WASHINGTON — Sen. Marco Rubio expressed reservations about Rex Tillerson’s close relationship with Russian President Vladimir Putin shortly after Tillerson was announced as Donald Trump’s secretary of State nominee in December.
On Wednesday, the Florida Republican and one-time presidential hopeful had his chance to grill Tillerson on Capitol Hill, and he didn’t hold back.
“Is Vladimir Putin a war criminal?” Rubio asked Tillerson halfway through his first 10 minutes of questioning.
“I would not use that term,” Tillerson said.
“Mr. Tillerson, what’s happened in Aleppo is in the public domain,” Rubio said. “There is so much information out there about what’s happened in Aleppo. … It should not be hard to say that Vladimir Putin’s military has conducted war crimes in Aleppo.”
Rubio then presented evidence of dissidents, journalists and political opponents murdered under suspicious circumstances during Putin’s administration, but Tillerson said he would need to have access to classified information to determine whether the murders can be attributed to Putin.
“Do you believe that Vladimir Putin and his cronies are responsible for ordering the murder of countless dissident journalists and political opponents?” Rubio asked.
“I do not have sufficient information to make that claim,” Tillerson said. He said that it’s important “that I deal with facts” when advising President-elect Trump.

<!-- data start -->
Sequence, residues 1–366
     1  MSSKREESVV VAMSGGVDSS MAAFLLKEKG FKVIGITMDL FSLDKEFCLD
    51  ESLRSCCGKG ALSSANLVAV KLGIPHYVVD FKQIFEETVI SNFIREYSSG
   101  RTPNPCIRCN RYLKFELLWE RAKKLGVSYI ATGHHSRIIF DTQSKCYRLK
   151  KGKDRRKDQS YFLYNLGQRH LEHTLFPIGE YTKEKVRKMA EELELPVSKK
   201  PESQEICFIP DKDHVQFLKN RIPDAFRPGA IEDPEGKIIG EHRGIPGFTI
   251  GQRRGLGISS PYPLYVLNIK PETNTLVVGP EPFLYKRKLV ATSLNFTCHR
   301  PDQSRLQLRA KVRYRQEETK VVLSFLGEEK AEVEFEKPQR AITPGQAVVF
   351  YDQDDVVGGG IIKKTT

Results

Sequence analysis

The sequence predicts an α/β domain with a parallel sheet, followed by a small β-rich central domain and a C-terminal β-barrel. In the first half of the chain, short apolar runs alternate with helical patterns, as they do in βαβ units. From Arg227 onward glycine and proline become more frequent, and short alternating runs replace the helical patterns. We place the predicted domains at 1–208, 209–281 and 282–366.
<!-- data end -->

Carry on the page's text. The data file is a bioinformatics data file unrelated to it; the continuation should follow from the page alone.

“None of this is classified, Mr. Tillerson,” Rubio replied. “These people are dead.”
“I’m not disputing these people are dead,” Tillerson said.
After Rubio’s questioning, New Jersey Democratic Sen. Bob Menendez continued to push Tillerson on calling Putin’s actions in Syria a war crime, and Tillerson countered that he needed classified information to make such a statement.
Senate Foreign Relations Committee chairman Sen. Bob Corker of Tennessee then interjected, asking Tillerson if he had classified information whether he would be willing to call Putin a war criminal.
“Yes,” Tillerson responded.
Rubio and Menendez were among the first senators to question Tillerson during hearings that began Wednesday morning and continued throughout the day, and will continue again on Thursday.
Multiple senators asked Tillerson about sanctions against Russia, something he opposed as the head of Exxon Mobil in 2014.
Tillerson clarified that he would support the current level of sanctions for now before determining whether to eliminate, reduce or add more sanctions against Russia.
A litany of foreign policy issues were addressed during the hearing, including Cuba.
Tillerson said he would advise Trump to eliminate President Barack Obama’s executive actions, but stopped short of saying Cuba belongs on the state sponsor of terrorism list.
Tillerson also said in response to questions from Sen. Tim Kaine, D-Va., that he is hopeful of a two-state solution between Israel and Palestine, although he said there are many factors outside of his control that contribute to instability in the region.
Before questioning began, Tillerson, a born and raised Texan, received introductions and praise from Texas Sens. John Cornyn and Ted Cruz, both Republicans.
“We live in a dangerous year, in a dangerous world, and Rex Tillerson is a serious man who understands the value of perseverance,” Cruz said during his testimony.
Tillerson also received an introduction from former Secretary of Defense Robert Gates, who served on the board of Boy Scouts of America with Tillerson and reportedly put Tillerson on Trump’s radar after the election as the president-elect weighed a secretary of State nominee.